NFC Headlines at Afro Nation Festival

By Claire Swedberg

A cashless-payment solution known as Event Genius was offered at last year's global festival in Ghana and is now planned for use at Afro Nation Portugal, with the goal of reducing queues, increasing purchasing and decreasing theft.

Music lovers will be able to leave their cash and credit cards at home during this summer's African music festival known as Afro Nation Portugal. The RFID solution that will be deployed at the event allows payments and access control via a wristband, cutting waits at queues and potentially increasing sales. The deployment follows the RFID system's use at the event's Afro National Ghana festival in December 2019. Afro Nation Portugal, which will be held in Portimao, Algarve, is a beach festival that will take place on July 17–19. The festival, also held in Puerto Rico, delivers live DJ performances that include hip hop, rhythm and blues, dance and bashment music.

The beachside event's cashless-payment system, provided by Festicket, is known as Event Genius by Festicket. The solution offers a variety of features, including a cashless payments feature known as Event Genius Pay. According to Lauren Lytle, Event Genius's head of operations, the system is designed so that festival organizers can mix and match from such features as ticketing, travel, accommodations, access control and marketing.

Lauren Lytle

"Our first experience with Afro Nation came when we provided our full service to Afro Nation Ghana," Lytle recalls. The company deployed its software platform for tickets sold via Ticket Arena and Festicket, while also providing wristband ticketing. Afro Nation Portugal will benefit from the full Event Genius product set, she says, including travel packages, access control and cashless payments onsite. This is the second Afro Nation Portugal festival, she adds, but the first use of RFID cashless payments.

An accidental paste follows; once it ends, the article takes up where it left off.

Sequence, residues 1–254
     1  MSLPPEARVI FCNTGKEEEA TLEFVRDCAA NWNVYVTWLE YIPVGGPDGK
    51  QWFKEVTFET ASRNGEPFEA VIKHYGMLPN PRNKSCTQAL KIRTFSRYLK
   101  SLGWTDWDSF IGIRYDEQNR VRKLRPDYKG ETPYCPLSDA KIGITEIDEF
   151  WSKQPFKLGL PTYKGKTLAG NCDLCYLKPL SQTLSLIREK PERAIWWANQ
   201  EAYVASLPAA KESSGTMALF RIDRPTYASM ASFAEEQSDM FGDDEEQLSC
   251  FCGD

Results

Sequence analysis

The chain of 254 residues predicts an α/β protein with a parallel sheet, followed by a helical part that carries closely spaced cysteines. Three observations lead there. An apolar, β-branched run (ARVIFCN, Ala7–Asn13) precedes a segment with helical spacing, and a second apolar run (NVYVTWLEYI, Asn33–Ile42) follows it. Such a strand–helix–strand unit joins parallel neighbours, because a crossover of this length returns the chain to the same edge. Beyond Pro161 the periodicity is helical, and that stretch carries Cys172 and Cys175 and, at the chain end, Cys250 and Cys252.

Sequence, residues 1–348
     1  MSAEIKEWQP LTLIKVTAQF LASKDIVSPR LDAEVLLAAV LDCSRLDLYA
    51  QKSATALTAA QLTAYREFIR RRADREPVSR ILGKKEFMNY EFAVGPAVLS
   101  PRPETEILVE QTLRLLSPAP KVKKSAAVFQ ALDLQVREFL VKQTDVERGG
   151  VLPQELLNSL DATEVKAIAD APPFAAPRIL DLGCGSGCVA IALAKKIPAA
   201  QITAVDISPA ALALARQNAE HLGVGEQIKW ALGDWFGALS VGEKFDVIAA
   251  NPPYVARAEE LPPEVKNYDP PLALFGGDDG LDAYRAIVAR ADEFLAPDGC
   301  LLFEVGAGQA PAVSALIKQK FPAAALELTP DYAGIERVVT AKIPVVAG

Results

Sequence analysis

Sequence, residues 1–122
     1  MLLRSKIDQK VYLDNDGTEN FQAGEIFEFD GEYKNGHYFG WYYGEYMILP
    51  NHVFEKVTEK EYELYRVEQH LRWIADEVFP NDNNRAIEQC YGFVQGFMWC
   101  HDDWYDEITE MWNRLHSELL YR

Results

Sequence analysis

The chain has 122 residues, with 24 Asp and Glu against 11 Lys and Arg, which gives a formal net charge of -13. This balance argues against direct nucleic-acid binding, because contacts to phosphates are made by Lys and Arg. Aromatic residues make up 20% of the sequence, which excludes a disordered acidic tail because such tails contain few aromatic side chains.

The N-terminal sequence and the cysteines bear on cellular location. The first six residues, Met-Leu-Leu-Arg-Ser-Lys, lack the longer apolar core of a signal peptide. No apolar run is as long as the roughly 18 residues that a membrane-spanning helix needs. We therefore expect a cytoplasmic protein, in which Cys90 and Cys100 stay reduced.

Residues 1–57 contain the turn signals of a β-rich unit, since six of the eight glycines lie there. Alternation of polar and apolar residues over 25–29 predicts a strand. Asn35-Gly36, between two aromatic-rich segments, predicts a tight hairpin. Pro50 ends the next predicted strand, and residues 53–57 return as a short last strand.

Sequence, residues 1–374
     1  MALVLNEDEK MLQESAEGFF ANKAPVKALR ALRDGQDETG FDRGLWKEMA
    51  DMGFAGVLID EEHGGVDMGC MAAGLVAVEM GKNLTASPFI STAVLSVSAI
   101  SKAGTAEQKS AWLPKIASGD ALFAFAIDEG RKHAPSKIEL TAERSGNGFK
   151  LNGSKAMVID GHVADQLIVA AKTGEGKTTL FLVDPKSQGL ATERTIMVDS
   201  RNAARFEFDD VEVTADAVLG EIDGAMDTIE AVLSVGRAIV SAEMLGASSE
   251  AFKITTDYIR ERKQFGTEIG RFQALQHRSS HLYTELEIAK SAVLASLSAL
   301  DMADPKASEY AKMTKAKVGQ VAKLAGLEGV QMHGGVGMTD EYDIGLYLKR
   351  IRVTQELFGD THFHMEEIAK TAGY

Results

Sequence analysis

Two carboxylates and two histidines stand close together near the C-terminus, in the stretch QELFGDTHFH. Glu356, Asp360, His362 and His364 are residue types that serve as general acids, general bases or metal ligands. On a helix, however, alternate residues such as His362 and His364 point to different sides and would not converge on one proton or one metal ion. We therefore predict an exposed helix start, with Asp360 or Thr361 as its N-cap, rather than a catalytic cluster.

Here's how the system works: Each music fan first buys and prints a ticket, or receives a digital ticket, that he or she can provide at the venue. At the time of purchase, the fan is invited to pre-purchase credit vouchers at checkout, which amount to a prepaid balance from a credit card so the customer can buy goods without bringing money onsite.

At the venue gate, fans can exchange their printed or digital tickets for an RFID wristband from Event Genius. The bracelet comes with a built-in passive Near Field Communication (NFC) HF RFID Mifare chip compliant with the ISO 14443 standard. Each ticketholder's information is linked in the Event Genius software and app with the unique ID encoded on his or her wristband RFID chip. That information includes the ticketholder's identification and prepaid account, if he or she chooses to use the cashless-payment service.

Festival personnel will be equipped with Android-based mobile NFC reading devices running the Event Genius app. The app comes pre-loaded with the relevant menu for each vendor site (every location has a different menu loaded prior to the event), and staff members can select items to place in a basket and then hold the device on the wristband to accept payment. For instance, if an individual were buying a drink or a T-shirt, a worker could select the item from the menu, show the cost total to the wristband holder and tap the bracelet if the customer approved the purchase. Employees are trained by Event Genius Pay operators to use the app for payment collection on the device.